Two mainland returnees were among the eight new Covid cases confirmed by the Department of Health today.
Chuang Shuk-kwan, head of the Centre for Health Protection's Communicable Disease Branch, said the two include a 46-year-old woman which was classified as a local case and a 56-year-old woman which authorities are still unable to determine its classification.
The 46-year-old returned to Hong Kong from Dongguan through the “Return2HK” scheme, and was not required to undergo compulsory quarantine.
Chuang said authorities believe the woman had contracted the virus locally after being in Hong Kong for quite some time.
The woman works as a housekeeper at Nina Hotel Tsuen Wan West.
As for the 56-year-old woman, she returned to Hong Kong from Fujian on April 6 by High Speed Rail and have stayed at a subdivided unit at Fu Yung Building in Tsuen Wan for home quarantine.
Chuang said as other residents who also stayed at the unit could be the source of her infection, authorities still could not give the case a clear classification.
“We have also not heard from mainland authorities that they have recorded any Covid
cases in Fujian,” Chuang added.
Apart from these two patients, the remaining six cases were comprised of three imported cases and three local cases.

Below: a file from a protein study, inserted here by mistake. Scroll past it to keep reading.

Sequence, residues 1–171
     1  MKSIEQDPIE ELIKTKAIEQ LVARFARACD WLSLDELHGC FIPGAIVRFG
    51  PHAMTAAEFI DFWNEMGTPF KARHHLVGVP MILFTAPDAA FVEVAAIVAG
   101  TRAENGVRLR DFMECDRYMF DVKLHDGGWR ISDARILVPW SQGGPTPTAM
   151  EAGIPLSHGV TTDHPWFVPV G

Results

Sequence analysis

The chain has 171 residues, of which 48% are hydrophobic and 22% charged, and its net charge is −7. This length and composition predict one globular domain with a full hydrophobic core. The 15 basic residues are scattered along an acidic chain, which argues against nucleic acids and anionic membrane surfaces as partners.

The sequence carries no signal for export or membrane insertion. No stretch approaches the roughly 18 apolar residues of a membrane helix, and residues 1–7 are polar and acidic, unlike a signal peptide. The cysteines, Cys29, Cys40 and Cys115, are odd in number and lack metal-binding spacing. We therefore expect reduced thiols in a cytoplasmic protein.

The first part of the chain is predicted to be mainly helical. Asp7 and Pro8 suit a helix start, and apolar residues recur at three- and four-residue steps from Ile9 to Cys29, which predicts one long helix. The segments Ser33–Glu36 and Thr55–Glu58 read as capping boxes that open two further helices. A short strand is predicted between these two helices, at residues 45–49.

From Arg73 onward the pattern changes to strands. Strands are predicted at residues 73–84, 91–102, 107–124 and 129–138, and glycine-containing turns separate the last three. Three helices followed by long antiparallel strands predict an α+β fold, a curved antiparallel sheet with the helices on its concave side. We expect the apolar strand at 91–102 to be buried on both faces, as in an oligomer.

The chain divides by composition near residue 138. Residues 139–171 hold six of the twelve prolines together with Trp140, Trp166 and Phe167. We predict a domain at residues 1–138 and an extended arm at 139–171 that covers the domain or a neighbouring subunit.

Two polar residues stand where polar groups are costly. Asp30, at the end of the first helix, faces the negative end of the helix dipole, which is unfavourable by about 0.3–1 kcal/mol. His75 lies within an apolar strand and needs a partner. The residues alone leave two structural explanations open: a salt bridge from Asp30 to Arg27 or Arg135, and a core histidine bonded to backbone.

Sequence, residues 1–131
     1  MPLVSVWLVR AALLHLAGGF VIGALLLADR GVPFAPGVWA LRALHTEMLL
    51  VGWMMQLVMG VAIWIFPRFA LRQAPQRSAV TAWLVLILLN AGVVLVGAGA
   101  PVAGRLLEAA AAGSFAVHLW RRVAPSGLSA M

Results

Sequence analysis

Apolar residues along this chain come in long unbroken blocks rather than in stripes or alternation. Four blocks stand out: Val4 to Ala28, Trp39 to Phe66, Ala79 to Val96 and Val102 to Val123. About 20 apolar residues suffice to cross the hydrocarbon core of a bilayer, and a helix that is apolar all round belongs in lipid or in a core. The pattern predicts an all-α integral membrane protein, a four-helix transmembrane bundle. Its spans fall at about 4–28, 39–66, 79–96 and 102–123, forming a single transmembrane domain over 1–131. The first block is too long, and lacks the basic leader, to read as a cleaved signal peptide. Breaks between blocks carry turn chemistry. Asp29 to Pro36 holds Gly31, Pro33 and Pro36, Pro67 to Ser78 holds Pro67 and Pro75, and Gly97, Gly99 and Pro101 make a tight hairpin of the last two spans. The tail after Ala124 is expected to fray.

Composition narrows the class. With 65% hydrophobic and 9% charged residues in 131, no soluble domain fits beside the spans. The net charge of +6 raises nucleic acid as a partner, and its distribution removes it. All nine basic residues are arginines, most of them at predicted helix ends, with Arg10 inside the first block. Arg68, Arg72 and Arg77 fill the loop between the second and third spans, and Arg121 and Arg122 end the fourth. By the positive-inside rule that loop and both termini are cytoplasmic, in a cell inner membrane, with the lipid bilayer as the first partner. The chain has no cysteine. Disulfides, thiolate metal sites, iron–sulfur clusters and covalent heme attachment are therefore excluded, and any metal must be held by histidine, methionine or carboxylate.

The local cases include a 29-year-old Indonesian domestic worker who arrived in the city late last month. She had stayed in the Ramada Hong Kong Grand hotel in Tsim Sha Tsui during her compulsory quarantine. Authorities will check whether she carried the mutated virus strain.
The other local patient is a 57-year-old woman who lives in Belvedere Garden in Tsuen Wan, and a 42-year-old construction worker who works at a site at City University of Hong Kong and lives in Mei Ting House of Mei Tin Estate in Tai Wai.
Meanwhile, Chuang said authorities suspected that there may be cross-infection within the Ramada Hong Kong Grand hotel in Tsim Sha Tsui
She said the first local patient who contracted the mutated virus stayed in the hotel, with authorities later found two others also stayed on the same floor with the patient having infected with the mutated virus, with the virus strain highly similar to each other.
“We have inspected the hotel and discovered that the hooks on doors of the hotel rooms may be the source of the transmissions, where occupants hook their used eating utensils for cleaners to help dispose of,” said Chuang.
She also added that they have already reminded all quarantine hotels to cancel similar arrangements and step up their disinfection measures during the process of handing out meals to those in quarantine.